"A child's learning is the funtion more of the characteristics of his classmates than those of the teacher." James Coleman, 1972

Friday, December 06, 2013

Memphis Politicians Wring Hands About Reading Scores as They Create More Corporate Charter Schools Without Libraries

Having handed over 29 public schools to charter reform schools without libraries or librarians, and with 8 more on the way by 2015, Superintendent Dorsey Hopson and the Shelby County School Board all of sudden have noticed that these children are far behind in reading.  Since poor children get their books more often from libraries, and since the research has demonstrated over the past 25 years that schools with library programs and librarians have more proficient readers than school that don't (go figure!), it should not come as a surprise to anyone that Shelby County's plan to cut librarians to pay for corporate charter schools without libraries is about the worst policy decision that the Gates Foundation could come up with for the rubber stamps on the school board to implement.

And yet there is much gnashing of teeth and beating of chests at the school board, not to mention new "moral imperatives" around literacy.  Superintendent Hopson has even gone so far as to notice “there’s a parade of horribles that goes along with kids who can’t read by the time they leave third grade.”  What Hopson apparently has not noticed is the parade of horribles (no jobs, hope, respect, housing, safety, etc.) that predict the future of impoverished three-year-olds long before they even enter school in the segregated Bluff City of King Cotton where politicians continue to thump their chests about "moral imperatives" while ignoring the vestiges of slavery.

When you read the reporter's account below, you have to wonder how deep the disconnect can get and how ethically blind and humanly callous the corporate ideology can express itself.  Is autonomy within schools really the answer to literacy problems, or is it an easy way of washing your hands clean of the problem when you know the newly "autonomous" charter schools will get rid of the school librarian to put more money into the school CEO's pocket?  Are "literacy coaches" with clip boards and fascist efficiency goals preferable to caring, mature librarians who know how to connect children with great books?  What can we expect from "pilot" interventions by the University of Memphis, where the Gospel According to Gates rules? And which slime balls from the education industry are selling their oppressive scripted bullshit lessons to the newly-concerned Shelby County School Board?  How much stupider to the effects of segregation and poverty can politicians get?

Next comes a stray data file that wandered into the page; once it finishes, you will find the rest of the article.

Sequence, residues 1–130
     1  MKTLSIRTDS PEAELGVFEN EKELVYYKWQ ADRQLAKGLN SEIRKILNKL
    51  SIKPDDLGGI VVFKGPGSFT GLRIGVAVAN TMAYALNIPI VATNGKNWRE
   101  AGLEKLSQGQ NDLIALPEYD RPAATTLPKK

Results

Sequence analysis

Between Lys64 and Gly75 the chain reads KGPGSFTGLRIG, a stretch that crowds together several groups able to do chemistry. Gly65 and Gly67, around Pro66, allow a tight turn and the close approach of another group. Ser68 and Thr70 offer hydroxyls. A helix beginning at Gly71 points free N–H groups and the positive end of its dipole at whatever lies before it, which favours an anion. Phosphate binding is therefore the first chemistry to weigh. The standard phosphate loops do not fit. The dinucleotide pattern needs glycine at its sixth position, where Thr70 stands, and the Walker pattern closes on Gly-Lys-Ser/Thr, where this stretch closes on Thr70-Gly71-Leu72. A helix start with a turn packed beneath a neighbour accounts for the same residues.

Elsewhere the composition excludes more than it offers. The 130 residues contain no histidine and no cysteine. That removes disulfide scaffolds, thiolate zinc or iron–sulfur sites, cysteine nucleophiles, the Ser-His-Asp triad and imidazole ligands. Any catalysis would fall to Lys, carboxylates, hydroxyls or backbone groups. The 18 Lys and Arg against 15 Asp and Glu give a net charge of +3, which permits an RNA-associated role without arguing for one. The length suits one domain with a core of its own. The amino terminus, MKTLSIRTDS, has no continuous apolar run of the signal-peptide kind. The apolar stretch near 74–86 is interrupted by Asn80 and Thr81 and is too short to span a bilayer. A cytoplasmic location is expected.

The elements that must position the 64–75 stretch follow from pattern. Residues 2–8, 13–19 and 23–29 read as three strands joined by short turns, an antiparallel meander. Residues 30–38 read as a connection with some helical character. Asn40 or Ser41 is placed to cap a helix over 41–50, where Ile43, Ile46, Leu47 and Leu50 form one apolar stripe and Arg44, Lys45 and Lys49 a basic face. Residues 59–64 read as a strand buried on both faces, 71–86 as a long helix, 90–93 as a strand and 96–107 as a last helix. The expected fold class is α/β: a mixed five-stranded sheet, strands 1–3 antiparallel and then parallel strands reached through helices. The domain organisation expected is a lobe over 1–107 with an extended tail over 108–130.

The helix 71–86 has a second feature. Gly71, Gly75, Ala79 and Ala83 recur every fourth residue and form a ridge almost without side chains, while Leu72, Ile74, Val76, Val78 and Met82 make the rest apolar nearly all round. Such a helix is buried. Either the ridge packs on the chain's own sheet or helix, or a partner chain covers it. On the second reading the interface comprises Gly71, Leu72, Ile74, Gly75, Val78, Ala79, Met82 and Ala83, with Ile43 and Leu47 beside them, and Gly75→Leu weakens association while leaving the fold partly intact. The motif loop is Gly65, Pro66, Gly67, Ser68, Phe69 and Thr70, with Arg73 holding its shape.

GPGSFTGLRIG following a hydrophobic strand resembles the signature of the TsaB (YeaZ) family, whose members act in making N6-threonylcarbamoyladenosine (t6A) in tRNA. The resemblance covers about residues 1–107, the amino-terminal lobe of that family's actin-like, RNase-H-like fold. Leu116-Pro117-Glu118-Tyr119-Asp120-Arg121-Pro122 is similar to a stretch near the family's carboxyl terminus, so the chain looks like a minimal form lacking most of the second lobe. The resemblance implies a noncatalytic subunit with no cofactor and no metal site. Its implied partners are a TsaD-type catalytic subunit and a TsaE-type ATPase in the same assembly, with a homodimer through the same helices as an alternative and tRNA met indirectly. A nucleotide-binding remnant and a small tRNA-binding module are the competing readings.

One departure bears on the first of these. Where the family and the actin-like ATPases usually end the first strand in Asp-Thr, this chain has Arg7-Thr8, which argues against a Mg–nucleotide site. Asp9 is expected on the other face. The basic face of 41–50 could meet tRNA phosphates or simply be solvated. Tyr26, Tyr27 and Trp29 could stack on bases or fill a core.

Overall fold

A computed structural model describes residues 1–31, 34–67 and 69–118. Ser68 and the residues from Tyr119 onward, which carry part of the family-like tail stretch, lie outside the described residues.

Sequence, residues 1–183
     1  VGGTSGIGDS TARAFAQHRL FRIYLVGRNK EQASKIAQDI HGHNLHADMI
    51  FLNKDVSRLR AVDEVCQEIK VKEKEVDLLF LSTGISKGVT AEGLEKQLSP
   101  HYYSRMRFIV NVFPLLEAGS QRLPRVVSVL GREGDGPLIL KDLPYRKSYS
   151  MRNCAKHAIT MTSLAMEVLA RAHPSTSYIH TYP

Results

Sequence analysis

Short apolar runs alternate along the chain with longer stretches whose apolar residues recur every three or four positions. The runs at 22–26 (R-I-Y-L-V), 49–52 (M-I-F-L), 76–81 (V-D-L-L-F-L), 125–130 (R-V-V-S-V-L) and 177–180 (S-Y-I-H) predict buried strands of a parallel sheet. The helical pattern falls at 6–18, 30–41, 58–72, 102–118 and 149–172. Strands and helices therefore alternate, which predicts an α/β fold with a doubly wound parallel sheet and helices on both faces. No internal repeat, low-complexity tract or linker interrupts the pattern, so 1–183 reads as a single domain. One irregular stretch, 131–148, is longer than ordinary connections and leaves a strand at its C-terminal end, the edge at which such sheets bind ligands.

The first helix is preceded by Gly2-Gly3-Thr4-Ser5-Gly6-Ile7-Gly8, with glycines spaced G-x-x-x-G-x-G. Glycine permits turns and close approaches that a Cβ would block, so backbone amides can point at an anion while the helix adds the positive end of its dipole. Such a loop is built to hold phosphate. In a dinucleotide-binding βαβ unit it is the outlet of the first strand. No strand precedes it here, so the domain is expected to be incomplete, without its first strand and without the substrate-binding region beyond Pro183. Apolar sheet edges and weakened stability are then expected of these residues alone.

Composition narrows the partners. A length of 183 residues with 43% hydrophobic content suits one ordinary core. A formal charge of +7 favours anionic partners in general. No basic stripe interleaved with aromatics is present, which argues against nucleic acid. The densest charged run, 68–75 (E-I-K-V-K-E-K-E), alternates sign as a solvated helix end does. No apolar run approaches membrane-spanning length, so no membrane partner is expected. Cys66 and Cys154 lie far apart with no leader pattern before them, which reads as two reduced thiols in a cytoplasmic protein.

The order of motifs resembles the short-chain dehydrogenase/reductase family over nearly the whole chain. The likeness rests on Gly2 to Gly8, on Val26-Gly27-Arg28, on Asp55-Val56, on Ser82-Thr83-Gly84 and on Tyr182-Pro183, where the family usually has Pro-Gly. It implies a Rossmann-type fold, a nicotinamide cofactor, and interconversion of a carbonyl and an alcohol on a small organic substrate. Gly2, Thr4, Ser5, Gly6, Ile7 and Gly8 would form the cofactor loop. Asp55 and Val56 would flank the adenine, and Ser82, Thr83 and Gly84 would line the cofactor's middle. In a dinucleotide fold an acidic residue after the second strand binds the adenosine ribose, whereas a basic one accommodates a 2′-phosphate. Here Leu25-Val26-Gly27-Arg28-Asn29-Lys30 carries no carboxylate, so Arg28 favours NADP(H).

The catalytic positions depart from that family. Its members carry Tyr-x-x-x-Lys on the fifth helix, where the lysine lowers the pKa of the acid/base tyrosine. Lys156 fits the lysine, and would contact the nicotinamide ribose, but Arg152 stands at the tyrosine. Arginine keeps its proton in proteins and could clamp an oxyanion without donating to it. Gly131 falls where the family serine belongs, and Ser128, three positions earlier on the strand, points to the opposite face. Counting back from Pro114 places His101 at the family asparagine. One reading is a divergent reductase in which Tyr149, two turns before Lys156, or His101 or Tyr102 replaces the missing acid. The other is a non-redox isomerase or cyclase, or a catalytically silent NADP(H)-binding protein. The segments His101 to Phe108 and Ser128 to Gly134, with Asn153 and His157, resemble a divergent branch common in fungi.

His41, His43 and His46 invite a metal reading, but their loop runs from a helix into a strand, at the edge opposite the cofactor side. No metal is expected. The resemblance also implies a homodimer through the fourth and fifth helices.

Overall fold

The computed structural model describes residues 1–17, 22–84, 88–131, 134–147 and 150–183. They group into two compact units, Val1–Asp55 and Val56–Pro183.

. . . .“We have a problem,” Deputy Superintendent David Stephens, who is leading the literacy effort, told school board members last month at their first briefing on the plan that is still taking shape. “To me it’s a moral imperative for every one of us to say that every one of our third-graders, by the time they leave third grade, they are going to be proficient or advanced.”
The first look was also Superintendent Dorsey Hopson’s first indication that the pursuit of that goal will mean changes in the school system’s budget that starts to take shape in the spring.
Hopson has repeatedly made a simple statement of a basic problem even more basic.
“Our kids can’t read,” he has said numerous times since this year’s Tennessee Comprehensive Assessment Program test scores showed that on average only 36 percent of students in the district are proficient in reading and language arts.